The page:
O’ mighty gods on high, I do believe I have found my objective correlative in the Jackberry Smash, and the Buffalo Wings sing such a prelude as to most certainly bestow upon one the right to smile. Do I dare to eat a chip from the Loaded Skillet Chip Nachos? And soon the question of a Pick-Three-For-All is dropped upon my plate. I must confess to indecision’s stall, though Chicken Fingers make it worth my while after all, and soon-- praised be these red-and-white-striped sapient sutlers of the Lord-- I am a stuffed man.   
            At the bar the investment bankers come and go, calling each other Bro.
            Brazen, the servers here, who cut quite a swath through the mêlée of tables, marking their territory with grandiose smiles and a cheery ebullience that perforce empties one of all worry over bottom-of-the-trouser rolling. Old age has no dominion here. The thrilling coruscation of the hurry-up-please-it’s-time décor paves the roads of melancholy with a snazzy gilt charm; with constant fluttering stimulations of the senses galore; with the grace of an eagle soaring in the summit of heaven. I take the air, I tell you with assurance, to better dimensions than any tobacco trance. The delightfully brash music tinkles and thrums from some mysterious place above as I sit for more than a few much-more-than-happy hours; and all the while the resilient yet fancy-free bartenders put on inimitable siteswap juggling displays with the liquor bottles. I even witnessed one of these daring young men ignite a shot glass into flames before an adventurous patron breathed out the fire and poured the magic elixir down his gullet. But I digress, dizzy from the enchanting aroma of Grilled Chicken Fusion Skewers. For indeed, I presume, there will be time to sample Strawberry Fields Salads and Jack Daniels Chicken & Shrimp; to dare to disturb the universe with the savory zest of the Kansas City BBQ Burger; to measure out my life in Diddy Ups, Horny Ritas, and Berri Açaí Sours.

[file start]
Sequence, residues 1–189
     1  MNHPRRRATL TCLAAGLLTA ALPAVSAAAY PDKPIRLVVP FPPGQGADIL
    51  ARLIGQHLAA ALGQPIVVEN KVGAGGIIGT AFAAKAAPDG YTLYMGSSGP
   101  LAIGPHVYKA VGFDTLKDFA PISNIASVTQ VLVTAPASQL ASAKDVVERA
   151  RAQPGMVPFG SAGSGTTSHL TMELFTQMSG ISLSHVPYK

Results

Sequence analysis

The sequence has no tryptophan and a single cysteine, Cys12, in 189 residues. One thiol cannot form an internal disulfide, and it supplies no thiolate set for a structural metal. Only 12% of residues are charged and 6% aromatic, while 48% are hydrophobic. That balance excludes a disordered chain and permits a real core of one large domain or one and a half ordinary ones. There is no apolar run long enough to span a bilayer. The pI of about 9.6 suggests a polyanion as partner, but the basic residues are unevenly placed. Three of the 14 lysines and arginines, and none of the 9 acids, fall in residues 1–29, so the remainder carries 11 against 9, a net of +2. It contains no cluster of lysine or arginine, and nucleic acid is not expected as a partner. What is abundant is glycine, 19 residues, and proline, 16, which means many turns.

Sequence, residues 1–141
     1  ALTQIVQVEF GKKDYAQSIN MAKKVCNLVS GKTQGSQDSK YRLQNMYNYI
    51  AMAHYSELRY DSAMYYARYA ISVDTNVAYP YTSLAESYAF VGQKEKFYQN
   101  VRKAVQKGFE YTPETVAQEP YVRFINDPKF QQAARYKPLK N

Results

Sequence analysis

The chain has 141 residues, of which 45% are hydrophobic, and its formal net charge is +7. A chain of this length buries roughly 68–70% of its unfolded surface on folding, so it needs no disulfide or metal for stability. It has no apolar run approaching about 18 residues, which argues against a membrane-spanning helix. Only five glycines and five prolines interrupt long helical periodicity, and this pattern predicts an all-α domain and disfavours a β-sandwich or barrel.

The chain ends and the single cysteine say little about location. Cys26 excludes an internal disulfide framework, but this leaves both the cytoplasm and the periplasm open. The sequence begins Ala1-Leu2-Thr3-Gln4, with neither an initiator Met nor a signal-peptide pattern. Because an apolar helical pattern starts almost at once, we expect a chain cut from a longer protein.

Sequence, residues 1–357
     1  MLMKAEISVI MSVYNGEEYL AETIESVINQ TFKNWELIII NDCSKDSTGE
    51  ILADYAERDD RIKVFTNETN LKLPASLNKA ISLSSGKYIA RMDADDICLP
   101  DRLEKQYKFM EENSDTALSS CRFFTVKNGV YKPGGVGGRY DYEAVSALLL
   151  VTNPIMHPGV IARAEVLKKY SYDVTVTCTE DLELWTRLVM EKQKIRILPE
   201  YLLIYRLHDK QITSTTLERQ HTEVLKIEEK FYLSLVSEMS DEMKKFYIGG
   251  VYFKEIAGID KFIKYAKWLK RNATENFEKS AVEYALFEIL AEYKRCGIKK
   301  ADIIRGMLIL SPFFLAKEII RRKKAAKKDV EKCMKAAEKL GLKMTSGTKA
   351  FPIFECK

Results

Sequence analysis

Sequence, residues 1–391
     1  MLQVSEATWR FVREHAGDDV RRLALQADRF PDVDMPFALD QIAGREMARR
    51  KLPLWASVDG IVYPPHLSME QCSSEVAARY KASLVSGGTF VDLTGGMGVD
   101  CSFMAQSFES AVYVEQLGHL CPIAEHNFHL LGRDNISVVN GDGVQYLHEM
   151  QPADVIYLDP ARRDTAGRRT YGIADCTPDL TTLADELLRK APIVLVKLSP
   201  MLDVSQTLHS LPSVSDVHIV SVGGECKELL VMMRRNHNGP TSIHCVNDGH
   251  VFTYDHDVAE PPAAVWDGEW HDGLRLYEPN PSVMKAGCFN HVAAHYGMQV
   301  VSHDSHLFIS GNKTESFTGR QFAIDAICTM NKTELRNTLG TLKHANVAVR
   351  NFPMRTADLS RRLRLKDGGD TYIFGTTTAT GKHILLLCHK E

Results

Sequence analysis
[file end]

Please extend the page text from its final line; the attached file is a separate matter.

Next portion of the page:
Let us go then, you and I, when the Happy-Hour lights blaze against the stained-glass sky; let us go, through certain red-white stripes, the splashy murals of hot-spot locales, Americana tchotchkes, and the appetite-whetting scent of Chedder & Bacon Potato Skins; let us go to a place where it’s always Friday…Oh, do not ask, “Ambitious? Energetic? Engaging?” Let us go and make our visit. 

Wednesday, July 11, 2012

these children are so hard to raise good

Got this turkey licked, this cracked customer of a knotty-pine partner. Who does he think he isn’t? Not a charmer by a long haul. So be it. What this chunk of change will do for the chorus girls lining up to go batty. What this ragged heart won’t put up with. A sheen that don’t shine no more. Soda pop bottles and coffee mugs don’t get you far, as your agent gets ten percent of grief, just like always. Hooch to wrestle your nightmares away from you. A fugitive from a fireplace, patient and erudite, as alive as a head cold. A genuinely talented article crawled out from under a bottle only to hit it about as big as a boiled fish’s eye. Sappy and self-indulgent. Scotch and sympathy. Battling a dummy for a place on the stage. Making it or making it up. Just you and me. Novel enough for a ventriloquist, same new jokes. Playing it like Greta Garbo. Nerves of gin. The next booking’s in the fireplace, never a shill for attention, resigned out of self-respect. Bum cues. A locked trunk to hold your dreams. A place in Kansas City, hopping a train or into a taxi, licked at the source, run off for good just the same. Hearing nothings that are never sweet. A girl to save you from yourself, so sudden, suddenly, and a sandwich to keep you from being alone. A derelict’s laugh. A pace to never hold. A wiser guy than this. Broken glasses and a heart to match. Satisfied from the song of the same name. An old switcheroo, in the parlance of just about no time left. And what’s left is forcing smiles all around. And I’m left staring at grapefruit dangling from a tree. And the only one who’s not dumb around here is the dummy.